Ironsword – None But the Brave (Shadow Kingdom Records)Sunday, 26th April 2015
Loincloth warriors adorning your album cover alert listeners to not expect anything modern or breakdown related when it comes to Portugal’s Ironsword. Active for 20 years, they play a type of straightforward heavy metal that contains epic and true tendencies: the words telling tales of kings, battles, fires, and gaining strength through these ancient rituals. None But the Brave is the trio’s fourth studio record and first in seven years, also marking another lineup shift as new bassist Jorge Martins and drummer João Monteiro joining founding guitarist/vocalist J.M. for the first time together.
Since the band employs a power trio format, a lot of the rhythms and tempos possess that galloping, off to war nature that makes this style excel for people who love Manowar, Omen, and older Iron Maiden. I’d even throw a little Manilla Road into the mix when it comes to some of the lead breaks and overall guitar tone from J.M. – check out “The Usurper” and “Kings of the Night” to hear a lot of Mark ‘the Shark’ similarities. Martins and Monteiro supply the requisite thump and punch to hammer home the hooks, if albeit a tad predictable during certain transitions/fills for “Calm Before the Storm”.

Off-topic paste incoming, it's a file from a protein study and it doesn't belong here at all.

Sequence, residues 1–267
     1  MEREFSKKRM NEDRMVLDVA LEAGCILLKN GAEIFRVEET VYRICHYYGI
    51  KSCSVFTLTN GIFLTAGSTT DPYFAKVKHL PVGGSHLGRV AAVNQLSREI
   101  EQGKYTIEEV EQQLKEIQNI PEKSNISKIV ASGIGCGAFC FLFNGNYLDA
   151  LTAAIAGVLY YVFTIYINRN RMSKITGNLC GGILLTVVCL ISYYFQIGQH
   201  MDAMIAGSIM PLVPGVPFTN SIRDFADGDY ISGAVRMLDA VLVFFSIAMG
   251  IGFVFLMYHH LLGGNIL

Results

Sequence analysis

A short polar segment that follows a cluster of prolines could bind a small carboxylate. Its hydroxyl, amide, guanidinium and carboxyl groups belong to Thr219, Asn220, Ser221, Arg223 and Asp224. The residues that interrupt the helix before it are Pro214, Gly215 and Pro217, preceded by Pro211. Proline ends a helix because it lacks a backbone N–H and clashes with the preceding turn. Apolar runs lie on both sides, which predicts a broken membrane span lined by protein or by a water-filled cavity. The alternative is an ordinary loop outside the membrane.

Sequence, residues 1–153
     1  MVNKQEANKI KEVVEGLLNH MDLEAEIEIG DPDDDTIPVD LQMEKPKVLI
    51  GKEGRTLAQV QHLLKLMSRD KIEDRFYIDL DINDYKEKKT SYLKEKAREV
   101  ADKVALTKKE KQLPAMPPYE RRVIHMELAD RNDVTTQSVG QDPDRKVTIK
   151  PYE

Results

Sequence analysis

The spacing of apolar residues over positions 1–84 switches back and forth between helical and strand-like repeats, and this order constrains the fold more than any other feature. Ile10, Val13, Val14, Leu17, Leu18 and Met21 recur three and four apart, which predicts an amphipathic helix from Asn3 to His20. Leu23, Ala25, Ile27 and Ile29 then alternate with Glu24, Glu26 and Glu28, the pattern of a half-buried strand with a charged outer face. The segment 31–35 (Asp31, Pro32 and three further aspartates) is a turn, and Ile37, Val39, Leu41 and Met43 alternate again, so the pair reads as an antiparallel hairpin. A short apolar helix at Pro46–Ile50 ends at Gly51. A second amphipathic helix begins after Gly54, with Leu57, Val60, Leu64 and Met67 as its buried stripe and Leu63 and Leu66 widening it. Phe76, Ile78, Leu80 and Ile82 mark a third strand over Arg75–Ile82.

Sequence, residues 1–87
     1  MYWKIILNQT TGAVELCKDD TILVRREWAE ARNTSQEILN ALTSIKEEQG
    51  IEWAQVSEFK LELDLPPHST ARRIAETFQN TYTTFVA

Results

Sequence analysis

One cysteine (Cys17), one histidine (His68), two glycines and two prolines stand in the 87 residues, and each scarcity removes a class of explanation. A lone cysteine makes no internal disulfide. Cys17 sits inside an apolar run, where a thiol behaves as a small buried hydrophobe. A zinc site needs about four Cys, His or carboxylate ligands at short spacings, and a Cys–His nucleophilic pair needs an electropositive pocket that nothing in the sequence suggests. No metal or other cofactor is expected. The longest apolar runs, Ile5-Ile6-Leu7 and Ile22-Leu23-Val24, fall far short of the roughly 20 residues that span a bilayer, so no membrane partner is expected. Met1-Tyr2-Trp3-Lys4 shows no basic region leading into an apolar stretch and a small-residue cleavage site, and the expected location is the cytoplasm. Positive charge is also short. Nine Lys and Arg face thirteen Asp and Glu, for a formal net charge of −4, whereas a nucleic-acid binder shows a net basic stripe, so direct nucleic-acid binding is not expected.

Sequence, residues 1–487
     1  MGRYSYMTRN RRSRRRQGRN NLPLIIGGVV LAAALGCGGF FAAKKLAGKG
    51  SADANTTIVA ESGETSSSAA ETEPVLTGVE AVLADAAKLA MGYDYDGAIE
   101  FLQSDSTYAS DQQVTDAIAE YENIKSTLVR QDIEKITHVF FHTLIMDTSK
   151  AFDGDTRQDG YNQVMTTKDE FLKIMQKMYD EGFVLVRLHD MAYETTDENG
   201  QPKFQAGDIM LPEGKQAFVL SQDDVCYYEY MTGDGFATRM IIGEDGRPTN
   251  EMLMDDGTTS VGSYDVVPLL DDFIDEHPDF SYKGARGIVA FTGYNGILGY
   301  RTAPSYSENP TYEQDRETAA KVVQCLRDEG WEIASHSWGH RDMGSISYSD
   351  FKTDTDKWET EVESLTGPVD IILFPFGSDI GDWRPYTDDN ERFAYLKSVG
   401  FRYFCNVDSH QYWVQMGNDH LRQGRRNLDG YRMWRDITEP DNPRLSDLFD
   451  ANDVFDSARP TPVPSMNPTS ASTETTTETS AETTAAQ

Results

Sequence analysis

Clichés can make or break releases like this – because conviction is one thing, and execution can be a totally different ball game. A lot of the choruses and riffs work in tandem too closely, and often you can pick out the influential band Ironsword cherry picked to modify as their own (“Ring of Fire” has a main riff that is straight up “Transylvania” from Iron Maiden). The main deterrent for full on appreciation could be the throaty, limited vocal range from J.M. – as he has one of those mid-range wails that is adequate but won’t put him up in the elite Dickinson/Dio class anytime soon. The trailing effects to his voice for “Army of Darkness” can be irritating (or comical), which is a shame as Jorge’s Steve Harris-like runs make this one of the best Ironsword tracks on the record.
Primitive production values, old school tones (wait ‘til you hear the steel pan hits for the drum fills on “Vengeance Will Be Mine”) – Ironsword live for the 1980’s, and as such possess that cult-like appeal that Germans and Greeks treasure. None But the Brave isn’t the worst record I’ve heard in the ‘true/epic’ metal – but it could stand to stretch a touch out of its comfort zone for a more satisfying effort.